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How to Zero Your Rifle for Maximum Point-Blank Range

How to Zero Your Rifle for Maximum Point-Blank Range

Zero your rifle using the Maximum Point-Blank Range (MPBR) system and you won’t need a laser rangefinder, turret dialing or Christmas tree reticles. For game from 10 to 300 yards, sometimes even 400 yards, you don’t have to touch your scope or even think about it. Just aim for the center of the vitals and you’ll hit them.

This is wonderfully liberating. Imagine spotting antlers spreading wide enough to embrace you and your dog sitting side-by-side. But if that buck takes two more steps, he disappears. You haven’t time to fish out your rangefinder for a precise read. You don’t know if that deer is at 196 yards or 293 yards, but you’re confident he’s no farther than 300 yards. No problem. Aim dead center and whump, you’ve got him!

Nosler Trophy Grade Long Range Maximum Point Blank Range Chart

A rifle’s MPBR is the total distance over which its bullet will travel without flying above or below the vital zone when you aim for its center. For all game the size of pronghorn and larger, most modern, popular “deer” cartridges can be set up for a 300-yard MPBR. Faster rounds extend MPBR as far as 400 yards. If that doesn’t accommodate more than 90 percent of your shooting opportunities, you aren’t trying.

An easy way to understand this is to imagine shooting right down the middle of a 400-yard-long pipe the diameter of your target's vital zone. So long as your bullet doesn’t strike the top of the pipe, it remains in the kill zone until it hits the bottom of the pipe far downrange, your maximum point-blank range. Here’s how to set up your rifle for its MPBR.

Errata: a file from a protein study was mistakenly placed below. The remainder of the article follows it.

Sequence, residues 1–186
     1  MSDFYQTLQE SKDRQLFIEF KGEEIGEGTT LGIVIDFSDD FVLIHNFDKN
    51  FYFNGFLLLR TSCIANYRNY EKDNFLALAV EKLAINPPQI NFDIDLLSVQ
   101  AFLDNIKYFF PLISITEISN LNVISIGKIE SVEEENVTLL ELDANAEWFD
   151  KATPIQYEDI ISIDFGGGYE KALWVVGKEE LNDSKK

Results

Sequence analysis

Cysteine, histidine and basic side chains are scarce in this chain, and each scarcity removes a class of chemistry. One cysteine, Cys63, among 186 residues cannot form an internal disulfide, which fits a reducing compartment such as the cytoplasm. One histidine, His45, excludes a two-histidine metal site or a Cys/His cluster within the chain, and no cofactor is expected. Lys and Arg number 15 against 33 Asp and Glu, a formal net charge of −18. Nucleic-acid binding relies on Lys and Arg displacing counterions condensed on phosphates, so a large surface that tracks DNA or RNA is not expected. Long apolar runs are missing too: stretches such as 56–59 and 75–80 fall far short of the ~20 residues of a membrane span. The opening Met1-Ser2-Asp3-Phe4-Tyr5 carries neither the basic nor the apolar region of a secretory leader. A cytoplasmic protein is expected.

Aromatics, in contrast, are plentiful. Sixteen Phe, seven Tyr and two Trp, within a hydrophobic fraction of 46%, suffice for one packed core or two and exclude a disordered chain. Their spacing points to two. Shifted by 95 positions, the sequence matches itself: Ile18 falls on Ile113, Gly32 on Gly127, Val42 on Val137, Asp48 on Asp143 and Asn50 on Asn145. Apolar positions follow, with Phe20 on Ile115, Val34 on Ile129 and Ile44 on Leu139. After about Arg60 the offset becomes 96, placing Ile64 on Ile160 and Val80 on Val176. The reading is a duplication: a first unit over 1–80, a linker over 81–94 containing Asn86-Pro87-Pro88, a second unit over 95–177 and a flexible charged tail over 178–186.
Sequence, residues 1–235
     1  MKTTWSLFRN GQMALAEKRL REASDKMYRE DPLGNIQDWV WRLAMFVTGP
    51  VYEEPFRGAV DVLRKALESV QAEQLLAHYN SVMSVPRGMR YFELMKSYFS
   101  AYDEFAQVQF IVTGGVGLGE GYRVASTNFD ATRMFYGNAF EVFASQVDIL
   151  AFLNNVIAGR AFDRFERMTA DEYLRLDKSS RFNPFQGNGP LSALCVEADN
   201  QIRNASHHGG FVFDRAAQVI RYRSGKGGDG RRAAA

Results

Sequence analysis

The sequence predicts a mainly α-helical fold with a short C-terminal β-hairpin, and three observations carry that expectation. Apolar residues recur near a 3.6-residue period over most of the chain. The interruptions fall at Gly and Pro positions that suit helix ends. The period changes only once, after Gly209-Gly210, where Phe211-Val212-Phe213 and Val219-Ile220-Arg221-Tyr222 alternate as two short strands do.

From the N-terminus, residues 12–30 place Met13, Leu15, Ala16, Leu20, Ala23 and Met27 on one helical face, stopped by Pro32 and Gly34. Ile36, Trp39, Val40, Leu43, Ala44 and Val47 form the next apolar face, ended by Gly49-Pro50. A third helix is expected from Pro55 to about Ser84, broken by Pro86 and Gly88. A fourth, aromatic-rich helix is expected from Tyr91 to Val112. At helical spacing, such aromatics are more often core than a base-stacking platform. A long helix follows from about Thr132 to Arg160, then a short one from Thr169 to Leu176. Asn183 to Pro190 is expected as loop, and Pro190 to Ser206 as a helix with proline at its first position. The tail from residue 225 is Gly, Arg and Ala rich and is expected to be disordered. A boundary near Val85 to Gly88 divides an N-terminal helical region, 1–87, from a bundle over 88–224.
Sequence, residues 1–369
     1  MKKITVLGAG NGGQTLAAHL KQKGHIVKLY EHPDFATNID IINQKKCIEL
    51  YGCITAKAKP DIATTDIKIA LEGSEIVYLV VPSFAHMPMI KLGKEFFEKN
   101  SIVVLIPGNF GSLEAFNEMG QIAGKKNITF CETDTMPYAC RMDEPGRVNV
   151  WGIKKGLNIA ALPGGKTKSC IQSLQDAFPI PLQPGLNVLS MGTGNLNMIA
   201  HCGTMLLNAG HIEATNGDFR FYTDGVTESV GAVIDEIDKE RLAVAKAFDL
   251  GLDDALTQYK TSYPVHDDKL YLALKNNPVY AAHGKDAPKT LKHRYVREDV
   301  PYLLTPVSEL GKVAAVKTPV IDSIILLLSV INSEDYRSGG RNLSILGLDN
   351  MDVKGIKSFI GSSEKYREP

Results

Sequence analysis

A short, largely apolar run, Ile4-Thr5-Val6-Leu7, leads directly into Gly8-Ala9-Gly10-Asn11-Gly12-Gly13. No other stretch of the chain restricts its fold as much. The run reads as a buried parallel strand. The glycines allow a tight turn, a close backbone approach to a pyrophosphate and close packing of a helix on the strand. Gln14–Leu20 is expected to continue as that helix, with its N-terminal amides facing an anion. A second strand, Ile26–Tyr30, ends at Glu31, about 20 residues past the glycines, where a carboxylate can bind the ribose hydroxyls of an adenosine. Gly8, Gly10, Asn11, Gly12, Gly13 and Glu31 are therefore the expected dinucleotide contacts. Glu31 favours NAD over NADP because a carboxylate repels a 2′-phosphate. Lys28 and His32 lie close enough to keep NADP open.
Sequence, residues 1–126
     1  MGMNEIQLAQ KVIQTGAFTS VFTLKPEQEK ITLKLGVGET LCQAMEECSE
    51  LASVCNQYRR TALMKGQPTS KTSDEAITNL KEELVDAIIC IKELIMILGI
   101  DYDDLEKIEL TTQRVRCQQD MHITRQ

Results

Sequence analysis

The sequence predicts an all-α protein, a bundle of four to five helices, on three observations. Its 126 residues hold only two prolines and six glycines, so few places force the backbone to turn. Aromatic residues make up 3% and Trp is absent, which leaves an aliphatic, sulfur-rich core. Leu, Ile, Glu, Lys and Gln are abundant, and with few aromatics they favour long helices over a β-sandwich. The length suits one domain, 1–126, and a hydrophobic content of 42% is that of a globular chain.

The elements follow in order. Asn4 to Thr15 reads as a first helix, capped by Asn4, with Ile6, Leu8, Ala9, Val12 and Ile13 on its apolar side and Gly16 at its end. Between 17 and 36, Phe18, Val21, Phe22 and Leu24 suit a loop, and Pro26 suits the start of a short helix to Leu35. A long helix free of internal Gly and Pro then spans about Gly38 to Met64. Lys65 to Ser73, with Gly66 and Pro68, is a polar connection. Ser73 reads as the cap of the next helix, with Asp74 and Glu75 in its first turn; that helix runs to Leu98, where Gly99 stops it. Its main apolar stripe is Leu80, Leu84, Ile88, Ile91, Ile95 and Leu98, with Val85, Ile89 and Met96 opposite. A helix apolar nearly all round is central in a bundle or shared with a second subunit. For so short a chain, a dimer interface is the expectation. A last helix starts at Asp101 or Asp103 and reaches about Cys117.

First, determine the vital zone diameter of your game. Eight inches is a safe bet that covers the heart and lungs of pronghorns, whitetails, sheep and anything larger that is standing broadside. It leaves a couple of inches of “fudge factor” too.

Next, from a solid shooting rest, zero your rifle to strike 3 inches high at 100 yards. Then fire two or three shots on paper at both 150 yards and 180 yards. That’s the peak trajectory distance (maximum ordinate) for most cartridges. If those land more than 4 inches high, re-zero 23/4 inches high at 100 yards and try again. When you’re hitting no higher than 4 inches at 150 to 180, shoot paper at 200 yards, 250 and 300 yards. When bullets drop 4 inches below POA, you’ve reached your MPBR.

As easier way to start this process is with an online ballistics calculator. Play with the numbers and zero ranges until you find the perfect MPBR. Then double-check it with the field-testing described above.

The reason this works is because you’ve angled your barrel up enough that, like a center fielder throwing toward home plate, you’re throwing your bullet high to compensate for the long-range drop. As long as you don’t throw too high at midrange, your bullet will stay in that 8-inch vital zone.

To increase MPBR, maximize velocity and ballistic coefficient. A 6.5-300 Wby. Mag. spitting a 127-grain Barnes LRX 3500 fps and zeroed 2.84 inches high at 100 yards won’t drop 4 inches below POA until 381 yards. A 6.5 Creedmoor pushing a 142-grain Nosler AccuBond Long Range 2700 fps and zeroed 3.45 inches high at 100 yards has a MPBR of 310 yards.

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